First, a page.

Sizzle & Fizzle: Highs and Lows from the Last Week in S.F. Music


• The long-awaited SFJAZZ Center opened in Hayes Valley with a debut concert that featured jazz greats McCoy Tyner, Chick Corea, and more. Thanks to live radio broadcasts and an NPR web stream, the sound of the center's opening was heard around the world — as was Bill Cosby's cheeky emceeing.

• The annual Red Bull Thre3style DJ contest pitted many of the Bay Area's best DJs against each other in genre-spanning 15-minute sets. The hands-down winner was J. Espinosa, but Oakland's DJ D-Sharp showed himself to be the finest turntablist in the room and came in second.

• Veteran S.F. punks Swingin' Utters are coming back with a new album, Poorly Formed. We premiered the band's new song, "Suck in a Circle," which matches their racing pop-punk choruses with wistful, acoustic verses. Catch 'em at Slims on Feb. 24.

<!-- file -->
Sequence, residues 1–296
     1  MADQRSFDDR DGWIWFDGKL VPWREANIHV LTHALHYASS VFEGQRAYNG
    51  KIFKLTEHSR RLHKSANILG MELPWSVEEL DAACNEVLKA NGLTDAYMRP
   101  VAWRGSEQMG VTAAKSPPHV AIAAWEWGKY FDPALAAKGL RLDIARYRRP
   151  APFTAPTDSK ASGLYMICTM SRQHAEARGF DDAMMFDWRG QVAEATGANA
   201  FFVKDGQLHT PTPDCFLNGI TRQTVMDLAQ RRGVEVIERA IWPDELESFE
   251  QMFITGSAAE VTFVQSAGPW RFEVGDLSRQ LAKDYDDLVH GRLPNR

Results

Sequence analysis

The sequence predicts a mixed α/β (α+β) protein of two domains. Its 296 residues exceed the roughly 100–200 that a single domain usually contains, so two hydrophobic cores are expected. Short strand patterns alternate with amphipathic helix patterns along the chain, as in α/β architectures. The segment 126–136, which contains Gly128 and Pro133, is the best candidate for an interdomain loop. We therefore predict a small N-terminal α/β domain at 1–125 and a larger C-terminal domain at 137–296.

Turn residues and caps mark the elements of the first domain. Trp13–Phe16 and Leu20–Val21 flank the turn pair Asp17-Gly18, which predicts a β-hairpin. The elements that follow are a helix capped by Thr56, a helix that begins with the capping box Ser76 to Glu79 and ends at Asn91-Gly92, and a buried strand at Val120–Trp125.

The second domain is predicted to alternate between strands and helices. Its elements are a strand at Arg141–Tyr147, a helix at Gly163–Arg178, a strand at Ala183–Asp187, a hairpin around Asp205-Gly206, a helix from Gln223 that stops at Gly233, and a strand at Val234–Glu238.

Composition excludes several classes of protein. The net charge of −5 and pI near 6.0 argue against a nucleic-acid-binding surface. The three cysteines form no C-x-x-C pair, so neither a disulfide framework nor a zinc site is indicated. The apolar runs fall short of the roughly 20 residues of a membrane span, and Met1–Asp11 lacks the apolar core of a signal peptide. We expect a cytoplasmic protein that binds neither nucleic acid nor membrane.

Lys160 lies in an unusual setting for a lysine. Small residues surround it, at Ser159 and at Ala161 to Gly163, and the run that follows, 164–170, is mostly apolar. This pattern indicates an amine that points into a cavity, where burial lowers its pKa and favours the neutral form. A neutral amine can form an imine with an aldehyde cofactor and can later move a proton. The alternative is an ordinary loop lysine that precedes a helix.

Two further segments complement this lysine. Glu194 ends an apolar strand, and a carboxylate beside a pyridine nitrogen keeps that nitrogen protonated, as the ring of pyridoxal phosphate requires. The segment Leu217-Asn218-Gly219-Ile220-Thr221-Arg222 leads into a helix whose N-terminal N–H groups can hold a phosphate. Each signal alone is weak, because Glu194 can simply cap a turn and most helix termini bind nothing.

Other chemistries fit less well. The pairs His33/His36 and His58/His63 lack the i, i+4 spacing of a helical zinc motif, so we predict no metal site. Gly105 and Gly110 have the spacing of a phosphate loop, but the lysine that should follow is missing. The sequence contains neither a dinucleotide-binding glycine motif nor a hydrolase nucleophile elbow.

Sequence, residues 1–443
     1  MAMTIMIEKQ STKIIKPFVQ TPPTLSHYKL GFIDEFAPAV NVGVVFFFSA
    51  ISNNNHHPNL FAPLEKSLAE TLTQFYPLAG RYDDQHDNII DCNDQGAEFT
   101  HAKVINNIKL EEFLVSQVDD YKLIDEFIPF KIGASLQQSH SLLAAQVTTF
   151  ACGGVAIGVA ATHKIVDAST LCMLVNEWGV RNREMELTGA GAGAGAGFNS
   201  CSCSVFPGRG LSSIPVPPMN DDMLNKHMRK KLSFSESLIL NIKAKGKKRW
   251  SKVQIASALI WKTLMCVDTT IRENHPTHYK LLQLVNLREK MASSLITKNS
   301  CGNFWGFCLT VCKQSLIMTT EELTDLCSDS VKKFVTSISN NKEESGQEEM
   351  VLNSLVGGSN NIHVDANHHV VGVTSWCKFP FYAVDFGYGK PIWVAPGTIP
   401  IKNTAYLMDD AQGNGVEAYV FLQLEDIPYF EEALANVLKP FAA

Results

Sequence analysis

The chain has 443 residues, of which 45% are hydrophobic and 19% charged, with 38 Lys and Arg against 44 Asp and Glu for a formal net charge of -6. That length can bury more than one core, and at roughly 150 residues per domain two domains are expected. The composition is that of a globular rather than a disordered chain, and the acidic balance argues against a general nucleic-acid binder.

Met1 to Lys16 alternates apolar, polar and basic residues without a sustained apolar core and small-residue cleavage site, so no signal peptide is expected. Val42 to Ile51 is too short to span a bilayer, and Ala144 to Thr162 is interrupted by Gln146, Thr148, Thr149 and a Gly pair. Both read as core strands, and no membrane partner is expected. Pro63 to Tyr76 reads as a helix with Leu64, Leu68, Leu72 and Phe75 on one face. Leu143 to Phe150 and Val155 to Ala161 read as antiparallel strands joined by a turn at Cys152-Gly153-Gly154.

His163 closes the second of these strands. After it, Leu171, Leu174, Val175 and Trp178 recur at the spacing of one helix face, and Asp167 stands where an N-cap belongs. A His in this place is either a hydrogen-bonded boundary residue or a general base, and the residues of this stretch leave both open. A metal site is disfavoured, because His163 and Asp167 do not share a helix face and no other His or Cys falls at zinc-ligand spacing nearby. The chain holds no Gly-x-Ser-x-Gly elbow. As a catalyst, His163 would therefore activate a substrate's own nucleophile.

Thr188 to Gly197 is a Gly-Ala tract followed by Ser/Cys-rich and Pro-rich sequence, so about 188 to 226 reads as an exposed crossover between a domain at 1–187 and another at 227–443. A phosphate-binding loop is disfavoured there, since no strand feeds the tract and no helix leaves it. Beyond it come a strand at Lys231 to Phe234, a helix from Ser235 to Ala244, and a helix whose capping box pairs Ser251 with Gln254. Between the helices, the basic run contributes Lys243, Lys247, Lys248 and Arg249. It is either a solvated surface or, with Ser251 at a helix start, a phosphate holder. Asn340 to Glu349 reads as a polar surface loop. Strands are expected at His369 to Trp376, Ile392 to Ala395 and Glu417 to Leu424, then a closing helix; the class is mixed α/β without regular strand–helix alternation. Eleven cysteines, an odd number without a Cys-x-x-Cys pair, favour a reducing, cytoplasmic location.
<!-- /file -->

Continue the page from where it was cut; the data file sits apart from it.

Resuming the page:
The Walkmen proved why co-headlining concerts don't really work: Father John Misty, who played first, utterly showed them up, with more energy, more jokes, and better dancing. As we clapped for the encore, we hoped it wouldn't be The Walkmen.

• Starting in May, the Embarcadero will host the new America's Cup Pavilion — a 9,000-seat outdoor concert amphitheater that will host concerts all summer long, including Sting on June 2. Our complaint: S.F. needs a big outdoor venue — so why isn't this one permanent?

• The real inauguration travesty wasn't Beyoncé lip-syncing, but Alicia Keys reworking "Girl on Fire" for Obama, with lyrics evoking America's wars and killer drones. "He's got both feet on the ground and he's burning it down" doesn't sound celebratory to us.

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